Theoretical and practical study of organization, administration, and professional development and responsibility in the field of athletic training. Prerequisite(s): Admission into M.ATR. program. (Variable)

AT 6070. Advanced Therapeutic Interventions I — 3 hrs.

Advanced study of the effects, advantages, disadvantages, indications, contraindications, precautions, and the application parameters of therapeutic interventions of the physically active. Prerequisite(s): AT 6100; AT 6150. (Variable)

AT 6072. Advanced Therapeutic Interventions I Clinical Skills — 1 hr.

Didactic and psychomotor skill instruction with practical examinations covering the material taught in AT 6070. Prerequisite(s): Admission into the M.ATR. program. (Variable)

AT 6080. Advanced Therapeutic Interventions II — 3 hrs.

Advanced study of the effects, advantages, disadvantages, indications, contraindications, precautions, and the application parameters of therapeutic interventions of the physically active. Prerequisite(s): AT 6070. (Variable)

AT 6082. Advanced Therapeutic Interventions II Clinical Skills — 1 hr.

Didactic and psychomotor skill instruction with practical examinations covering the material taught in AT 6080. Prerequisite(s): Admission into the M.ATR. program. (Variable)

AT 6100. Advanced Clinical Anatomy — 3 hrs.

Didactic and psychomotor skills instruction with practical examinations covering the material necessary to begin the athletic training clinical experience, and clinical anatomy of the human body including palpation, range of motion, neurological testing, and structure identification and function. Prerequisite(s): Admission into the Masters of Athletic Training program. (Variable)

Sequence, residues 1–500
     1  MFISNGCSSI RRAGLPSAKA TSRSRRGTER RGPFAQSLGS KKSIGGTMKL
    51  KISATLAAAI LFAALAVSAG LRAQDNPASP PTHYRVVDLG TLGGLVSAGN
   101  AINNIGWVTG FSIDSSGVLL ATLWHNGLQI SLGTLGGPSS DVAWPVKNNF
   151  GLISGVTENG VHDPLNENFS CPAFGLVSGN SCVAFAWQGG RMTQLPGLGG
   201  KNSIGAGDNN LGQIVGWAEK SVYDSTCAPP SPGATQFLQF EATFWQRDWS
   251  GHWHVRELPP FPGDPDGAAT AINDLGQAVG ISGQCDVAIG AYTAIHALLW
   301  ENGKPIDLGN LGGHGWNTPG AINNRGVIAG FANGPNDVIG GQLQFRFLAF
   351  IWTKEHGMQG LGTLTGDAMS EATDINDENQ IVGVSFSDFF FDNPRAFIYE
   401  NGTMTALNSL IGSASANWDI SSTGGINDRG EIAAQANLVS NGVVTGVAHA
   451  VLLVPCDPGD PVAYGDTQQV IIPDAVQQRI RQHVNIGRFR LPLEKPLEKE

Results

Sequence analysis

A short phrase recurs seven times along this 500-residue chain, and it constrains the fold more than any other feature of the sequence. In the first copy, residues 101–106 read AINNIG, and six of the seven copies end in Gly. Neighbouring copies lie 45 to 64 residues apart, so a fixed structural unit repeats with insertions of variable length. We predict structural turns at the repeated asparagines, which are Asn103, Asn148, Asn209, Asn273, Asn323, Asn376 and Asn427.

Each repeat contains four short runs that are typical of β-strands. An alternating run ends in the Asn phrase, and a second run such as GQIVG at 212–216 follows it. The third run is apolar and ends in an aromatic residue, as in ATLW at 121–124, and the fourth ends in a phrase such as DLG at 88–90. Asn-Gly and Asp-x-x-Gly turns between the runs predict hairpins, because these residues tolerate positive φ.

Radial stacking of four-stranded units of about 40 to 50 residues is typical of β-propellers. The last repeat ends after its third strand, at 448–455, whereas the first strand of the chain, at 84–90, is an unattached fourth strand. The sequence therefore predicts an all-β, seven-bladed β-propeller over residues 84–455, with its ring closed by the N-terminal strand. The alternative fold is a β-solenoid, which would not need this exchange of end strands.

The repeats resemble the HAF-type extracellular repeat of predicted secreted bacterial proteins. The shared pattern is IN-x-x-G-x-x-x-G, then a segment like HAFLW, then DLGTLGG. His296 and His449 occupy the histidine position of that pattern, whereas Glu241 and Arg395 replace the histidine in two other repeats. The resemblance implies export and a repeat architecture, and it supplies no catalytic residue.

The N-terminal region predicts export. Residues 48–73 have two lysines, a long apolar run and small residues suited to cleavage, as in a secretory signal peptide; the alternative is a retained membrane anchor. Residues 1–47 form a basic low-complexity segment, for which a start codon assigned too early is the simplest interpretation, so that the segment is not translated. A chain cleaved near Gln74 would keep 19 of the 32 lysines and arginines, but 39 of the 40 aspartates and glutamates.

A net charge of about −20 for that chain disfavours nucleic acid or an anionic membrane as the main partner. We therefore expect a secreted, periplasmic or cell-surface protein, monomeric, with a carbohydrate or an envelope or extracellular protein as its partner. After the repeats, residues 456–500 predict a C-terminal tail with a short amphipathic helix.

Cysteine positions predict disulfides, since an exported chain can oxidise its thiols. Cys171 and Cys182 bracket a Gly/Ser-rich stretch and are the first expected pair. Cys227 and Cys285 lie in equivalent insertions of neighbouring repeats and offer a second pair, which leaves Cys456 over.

AT 6130. General Medical Assessment & Referral — 3 hrs.

Study of general medical conditions and disabilities commonly seen by certified athletic trainers. Prerequisite(s): Admission into M.ATR. program. (Variable)

AT 6150. Advanced Athletic Training Clinical Skills — 2 hrs.

Didactic and psychomotor skills instruction with practical examinations covering the material necessary to begin the athletic training clinical experience. Prerequisite(s): Admission into the M.ATR. program. (Variable)

AT 6210 (42T:210). Pathoetiology and Orthopaedic Assessment I — 3 hrs.

In-depth study of pathological, etiological, and neuromuscular mechanisms of musculoskeletal injuries with emphasis on advanced orthopaedic assessment techniques of the upper body. Prerequisite(s): Admission into the Masters of Athletic Training program or Masters of Science in Athletic Training graduate program. (Variable)

AT 6215. Pathoetiology and Orthopaedic Assessment I Clinical Skills — 1 hr.

Didactic and psychomotor skill instruction with practical examinations covering the material taught in AT 6210 (42T:210). Prerequisite(s): Admission into the M.ATR. program. (Variable)

AT 6220 (42T:220). Pathoetiology and Orthopaedic Assessment II — 3 hrs.

In-depth study of pathological, etiological, and neuromuscular mechanisms of musculoskeletal injuries with emphasis on advanced orthopaedic assessment techniques of the lower body. Prerequisite(s): Admission into the Masters of Athletic Training program or Masters of Science in Athletic Training graduate program. (Variable)

AT 6225. Pathoetiology and Orthopaedic Assessment II Clinical Skills — 1 hr.

Didactic and psychomotor skill instruction with practical examinations covering the material taught in AT 6220 (42T:220). Prerequisite(s): Admission into the M.ATR. program. (Variable)

AT 6240 (42T:230). Evidence Based Practice I — 3 hrs.